"It's a pleasure to be in Phoenix. My hometown. Well, my old hometown. My hometown is somewhere else," Bazan joked. The singer, who was raised here before departing for the Pacific Northwest said, smiling a wide grin that belied the heavy theological, moral and familial content of his songs.
I last saw Bazan in late summer at Solar Culture in Tucson, where he lead a five-piece band. Last night saw him fronting a four-piece combo, cranking out a looser, leaner set to a crowd of packed fans at Sail Inn, stripping away much of that other set's ornate decoration in favor of Rust Never Sleeps' raw pop.
Initially I had my doubts that Bazan's sound would mesh with the Sail Inn's hippie-dippy vibe, but I warmed up to the venue. The unique qualities of the place suited a show of this size, with plenty of standing room, lots of space outside, a fully stocked bar, and best of all, a fantastic sound system, with Bazan's vocals coming across distinct and clear. I'm guessing it won't be long before Stateside and other promoters start leaning heavily on the venue to host shows like this.
Bazan and band strayed from Curse Your Branches territory a few times. Covering Bob Dylan's "The Man In Me," Bazan channeled the power of The Dude, with easy going goodwill practically blasting out of the amplifiers. Old Pedro the Lion standards like "Bad Diary Days" and "When They Really Get to Know You They' Will Run" caused some confused looks on the faces of more recent fans, but "Magazine" and "Penetration," both from 2002's Control caused massive reaction- the swaggering drums and Fugazi-style over-driven guitars contrasted nicely with the quieter moments of the set.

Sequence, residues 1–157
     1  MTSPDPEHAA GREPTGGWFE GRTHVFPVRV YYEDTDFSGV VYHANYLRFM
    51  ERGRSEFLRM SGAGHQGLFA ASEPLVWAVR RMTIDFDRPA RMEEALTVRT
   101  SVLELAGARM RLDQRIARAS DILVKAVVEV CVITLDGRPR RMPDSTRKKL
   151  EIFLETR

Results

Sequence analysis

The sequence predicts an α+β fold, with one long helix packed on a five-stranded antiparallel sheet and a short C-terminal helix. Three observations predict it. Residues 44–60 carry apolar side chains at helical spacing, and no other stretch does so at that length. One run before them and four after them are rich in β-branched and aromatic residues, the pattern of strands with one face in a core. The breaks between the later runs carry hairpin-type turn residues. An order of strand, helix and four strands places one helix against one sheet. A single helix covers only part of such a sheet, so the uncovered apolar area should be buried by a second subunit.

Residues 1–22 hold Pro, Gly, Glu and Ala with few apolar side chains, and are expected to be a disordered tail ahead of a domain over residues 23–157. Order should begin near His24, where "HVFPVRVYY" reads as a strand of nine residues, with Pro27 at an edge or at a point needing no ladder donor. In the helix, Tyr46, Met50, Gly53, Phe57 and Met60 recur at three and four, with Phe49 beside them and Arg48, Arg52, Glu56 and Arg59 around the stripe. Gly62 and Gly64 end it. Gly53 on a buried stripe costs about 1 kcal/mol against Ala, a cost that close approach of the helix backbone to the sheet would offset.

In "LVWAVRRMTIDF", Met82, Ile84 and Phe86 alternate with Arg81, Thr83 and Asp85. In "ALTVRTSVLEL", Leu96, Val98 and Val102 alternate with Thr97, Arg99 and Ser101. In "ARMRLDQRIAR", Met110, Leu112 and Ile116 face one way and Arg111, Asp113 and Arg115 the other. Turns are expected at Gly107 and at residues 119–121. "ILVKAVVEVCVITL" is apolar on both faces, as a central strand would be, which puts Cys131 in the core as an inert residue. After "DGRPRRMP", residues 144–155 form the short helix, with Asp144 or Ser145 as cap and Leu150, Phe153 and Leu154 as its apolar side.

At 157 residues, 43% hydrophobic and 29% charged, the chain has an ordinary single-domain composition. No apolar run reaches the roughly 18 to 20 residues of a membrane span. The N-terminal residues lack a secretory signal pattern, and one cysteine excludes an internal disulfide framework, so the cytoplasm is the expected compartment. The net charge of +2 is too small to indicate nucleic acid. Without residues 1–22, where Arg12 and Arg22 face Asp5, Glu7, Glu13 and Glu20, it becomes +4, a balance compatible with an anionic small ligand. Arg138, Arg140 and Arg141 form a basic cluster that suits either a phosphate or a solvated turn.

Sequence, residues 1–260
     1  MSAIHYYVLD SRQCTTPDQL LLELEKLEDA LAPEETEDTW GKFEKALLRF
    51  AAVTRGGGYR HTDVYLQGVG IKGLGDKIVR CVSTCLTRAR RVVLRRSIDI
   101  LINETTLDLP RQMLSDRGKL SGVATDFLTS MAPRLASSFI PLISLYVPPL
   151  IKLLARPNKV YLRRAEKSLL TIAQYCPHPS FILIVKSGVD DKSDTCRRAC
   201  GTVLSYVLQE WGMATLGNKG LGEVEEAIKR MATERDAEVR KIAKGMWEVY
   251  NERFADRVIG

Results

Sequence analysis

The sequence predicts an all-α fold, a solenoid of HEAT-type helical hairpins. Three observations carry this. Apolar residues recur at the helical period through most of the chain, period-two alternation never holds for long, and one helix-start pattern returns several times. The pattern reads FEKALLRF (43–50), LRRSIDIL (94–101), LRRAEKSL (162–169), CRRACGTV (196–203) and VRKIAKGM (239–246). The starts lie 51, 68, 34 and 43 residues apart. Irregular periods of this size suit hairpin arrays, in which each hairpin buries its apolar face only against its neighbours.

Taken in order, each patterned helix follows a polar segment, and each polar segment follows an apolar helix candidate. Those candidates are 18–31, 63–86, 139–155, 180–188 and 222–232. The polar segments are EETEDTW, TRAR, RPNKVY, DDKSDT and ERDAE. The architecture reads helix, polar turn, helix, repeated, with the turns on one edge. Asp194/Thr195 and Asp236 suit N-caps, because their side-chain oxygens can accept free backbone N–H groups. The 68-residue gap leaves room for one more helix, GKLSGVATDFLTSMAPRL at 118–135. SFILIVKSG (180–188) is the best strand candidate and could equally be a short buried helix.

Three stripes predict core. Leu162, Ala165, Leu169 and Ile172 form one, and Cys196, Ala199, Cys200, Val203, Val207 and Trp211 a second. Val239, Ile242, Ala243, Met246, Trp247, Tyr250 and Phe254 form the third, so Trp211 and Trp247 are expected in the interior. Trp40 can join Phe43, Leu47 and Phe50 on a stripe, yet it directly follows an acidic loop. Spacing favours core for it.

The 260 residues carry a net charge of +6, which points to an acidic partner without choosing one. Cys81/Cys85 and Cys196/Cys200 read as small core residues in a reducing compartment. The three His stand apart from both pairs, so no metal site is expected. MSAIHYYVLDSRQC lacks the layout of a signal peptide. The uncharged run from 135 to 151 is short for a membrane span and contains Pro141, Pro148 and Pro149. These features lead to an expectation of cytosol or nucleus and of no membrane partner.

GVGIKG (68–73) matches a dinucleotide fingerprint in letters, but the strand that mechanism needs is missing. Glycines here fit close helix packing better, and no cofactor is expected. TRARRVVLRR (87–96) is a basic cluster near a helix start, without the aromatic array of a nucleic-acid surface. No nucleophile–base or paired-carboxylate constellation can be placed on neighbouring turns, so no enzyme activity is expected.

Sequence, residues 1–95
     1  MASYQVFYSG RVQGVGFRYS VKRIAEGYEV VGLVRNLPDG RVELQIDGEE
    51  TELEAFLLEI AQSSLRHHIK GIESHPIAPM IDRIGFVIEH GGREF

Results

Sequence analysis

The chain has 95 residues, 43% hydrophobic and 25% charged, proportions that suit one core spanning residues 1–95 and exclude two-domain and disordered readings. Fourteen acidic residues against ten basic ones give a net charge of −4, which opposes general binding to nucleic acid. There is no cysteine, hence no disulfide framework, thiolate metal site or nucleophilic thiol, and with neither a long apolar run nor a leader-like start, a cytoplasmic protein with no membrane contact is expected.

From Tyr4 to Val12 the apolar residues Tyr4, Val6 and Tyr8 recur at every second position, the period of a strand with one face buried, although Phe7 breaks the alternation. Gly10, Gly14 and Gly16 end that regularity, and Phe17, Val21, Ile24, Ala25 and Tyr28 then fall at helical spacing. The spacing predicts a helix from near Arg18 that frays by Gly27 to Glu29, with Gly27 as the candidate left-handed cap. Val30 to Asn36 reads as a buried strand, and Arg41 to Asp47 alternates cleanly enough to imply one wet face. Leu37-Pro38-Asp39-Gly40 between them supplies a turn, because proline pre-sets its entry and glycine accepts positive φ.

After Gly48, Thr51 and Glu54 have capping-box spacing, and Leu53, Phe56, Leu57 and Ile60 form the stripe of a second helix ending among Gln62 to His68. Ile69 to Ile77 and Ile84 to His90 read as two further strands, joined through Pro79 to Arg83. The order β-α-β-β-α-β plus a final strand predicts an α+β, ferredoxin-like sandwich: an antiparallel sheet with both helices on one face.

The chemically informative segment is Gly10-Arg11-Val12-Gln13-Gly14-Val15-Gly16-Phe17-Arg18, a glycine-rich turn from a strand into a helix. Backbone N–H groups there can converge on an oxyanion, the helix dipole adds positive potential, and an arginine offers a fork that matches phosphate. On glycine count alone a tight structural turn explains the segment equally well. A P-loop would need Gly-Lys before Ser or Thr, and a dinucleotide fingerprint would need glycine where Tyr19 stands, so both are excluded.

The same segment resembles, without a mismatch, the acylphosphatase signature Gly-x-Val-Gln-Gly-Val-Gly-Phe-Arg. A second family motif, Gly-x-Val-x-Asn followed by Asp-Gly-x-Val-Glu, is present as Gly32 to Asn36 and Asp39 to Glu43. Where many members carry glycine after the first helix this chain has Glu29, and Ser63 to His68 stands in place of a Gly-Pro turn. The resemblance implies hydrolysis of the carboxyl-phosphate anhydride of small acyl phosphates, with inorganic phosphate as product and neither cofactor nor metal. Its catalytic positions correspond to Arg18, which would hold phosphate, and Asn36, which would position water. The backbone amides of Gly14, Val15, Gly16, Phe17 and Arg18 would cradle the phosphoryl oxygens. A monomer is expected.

Bazan, known for question and answer sessions at his show, didn't field too many questions last night. When asked how to make a "Brown Bitch," a drink he featured on his website years ago, he sheepishly offered up the recipe: Smirnoff Ice and Whiskey, but warned that it "didn't taste too good, and worked way too fast."
But despite any jokes, the core of Bazan's set remained deeply introspective. Closer "In Stitches" hushed the room, as Bazan sang of his daughter's growing questions about God, about Job's confrontation with the Almighty, and about Bazan's lingering questions about faith.
"The crew have killed the captain, but they still can hear his voice," he sang, the song's chorus giving way to a shredded refrain and, then, a hymnal solemnity at the song's end.
And, to think, he was worried we wouldn't relate.
Last Night: David Bazan & Headlights at Sail Inn.
Better Than: Judging from the plethora of jam band posters plastered on the wall, the show was better than most nights at the Sail Inn, though the venue's general excellence will probably continue to attract more shows of this caliber in the future.
Personal Bias: Extensive. I've been listening to David Bazan since high school. Hell, I even wrote a paper on the song "Magazine" in college. I've seen Bazan in various incarnations, Pedro the Lion, Headphones, and solo, and even own rare "Helicopter" 7-inch'.
Random Detail: Dave's grandma was in attendance, beaming with pride as fans came up to introduce themselves and offer Bazan shots.
Further Listening: I'd go with I Break Chairs, the Damien Jurado record that Bazan produced.
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